It was another incredible season of East Nashville Underground, and we were there for as much of it as possible this weekend. As always, the beer was flowing, the jams were happening, and good times were had. If you still haven’t experienced ENU festival yet, you are missing out. Click below to for some images (via Tim Duggan Photography for ENU) and recaps of the bands we were lucky enough to see, and go ahead and mark your calendar for the summer session happening on August 16th & 17th! See you in all in a few months.
We missed ENU’s kickoff because we were across town catching Father John Misty. We’re big fans of Evan P. Donahue, The Future, and The Young International in these parts, however, and we heard they were all absolutely great!
As soon as Father John let out, we rushed back to The East Room just in time to catch The Kicks. They’ve been on our radar for quite awhile now, but this was our first chance actually getting to see them perform. They certainly didn’t disappoint! The unpretentious rock quartet channels the spirit and sound the ’60s and ’70s, but adapts it into a decidedly modern, poppy rock and roll sound that is uniquely their own. The crowd loved them and so did we.
If you don’t know The Weeks by now, you’ve been snoozing. The freakin’ Tennessean called them a “band to watch for 2013”, and lots of people will be watching them. Touring in support of their recent release Dear Bo Jackson (on Serpents & Snakes), they’ll play a slot at Hangout Fest, before spending a few months opening for label-maestros Kings of Leon this summer. The crowd was packed for the headliner, and the Grolsh was flowing while these fellas ripped through their set of high energy rock n’ roll.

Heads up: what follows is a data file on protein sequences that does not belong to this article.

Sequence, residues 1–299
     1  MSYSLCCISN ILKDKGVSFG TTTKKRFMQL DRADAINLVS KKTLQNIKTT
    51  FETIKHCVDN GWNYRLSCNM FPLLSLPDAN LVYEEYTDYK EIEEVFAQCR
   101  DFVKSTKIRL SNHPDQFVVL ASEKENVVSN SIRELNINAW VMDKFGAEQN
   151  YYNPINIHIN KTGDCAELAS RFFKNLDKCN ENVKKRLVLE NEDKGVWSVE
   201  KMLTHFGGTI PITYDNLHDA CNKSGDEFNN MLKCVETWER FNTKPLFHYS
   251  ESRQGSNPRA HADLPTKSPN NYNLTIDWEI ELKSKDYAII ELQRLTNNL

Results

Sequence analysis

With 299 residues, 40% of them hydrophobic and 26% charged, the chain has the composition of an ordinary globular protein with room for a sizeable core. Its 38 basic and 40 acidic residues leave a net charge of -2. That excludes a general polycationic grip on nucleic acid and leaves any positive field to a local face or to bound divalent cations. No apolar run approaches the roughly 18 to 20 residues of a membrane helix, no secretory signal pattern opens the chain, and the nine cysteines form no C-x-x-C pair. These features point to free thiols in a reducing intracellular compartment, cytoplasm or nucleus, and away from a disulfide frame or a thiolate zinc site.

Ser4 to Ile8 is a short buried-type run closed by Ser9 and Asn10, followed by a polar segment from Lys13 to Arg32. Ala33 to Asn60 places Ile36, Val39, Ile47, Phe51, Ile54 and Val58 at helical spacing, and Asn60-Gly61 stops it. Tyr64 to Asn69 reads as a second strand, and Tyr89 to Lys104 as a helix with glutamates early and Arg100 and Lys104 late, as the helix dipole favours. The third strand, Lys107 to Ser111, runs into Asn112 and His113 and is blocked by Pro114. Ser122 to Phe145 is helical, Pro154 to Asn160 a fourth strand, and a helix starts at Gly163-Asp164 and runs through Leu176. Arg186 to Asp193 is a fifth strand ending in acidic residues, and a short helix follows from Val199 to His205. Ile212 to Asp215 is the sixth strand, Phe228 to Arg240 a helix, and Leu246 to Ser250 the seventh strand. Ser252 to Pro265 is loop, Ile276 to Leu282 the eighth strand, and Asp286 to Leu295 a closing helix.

Bang Ok Bang
As Bang OK Bang took the stage, the capacity crowd had begun to thin, but that did not stop this duo from absolutely trying to blow the roof off the East Room. In a sheer display of level 11 volume, those guitar riffs shredded the room. They put a little bit of heavy into their rock, and a guarantee that I would leave with a smile on my face, and a solid ringing in my ears.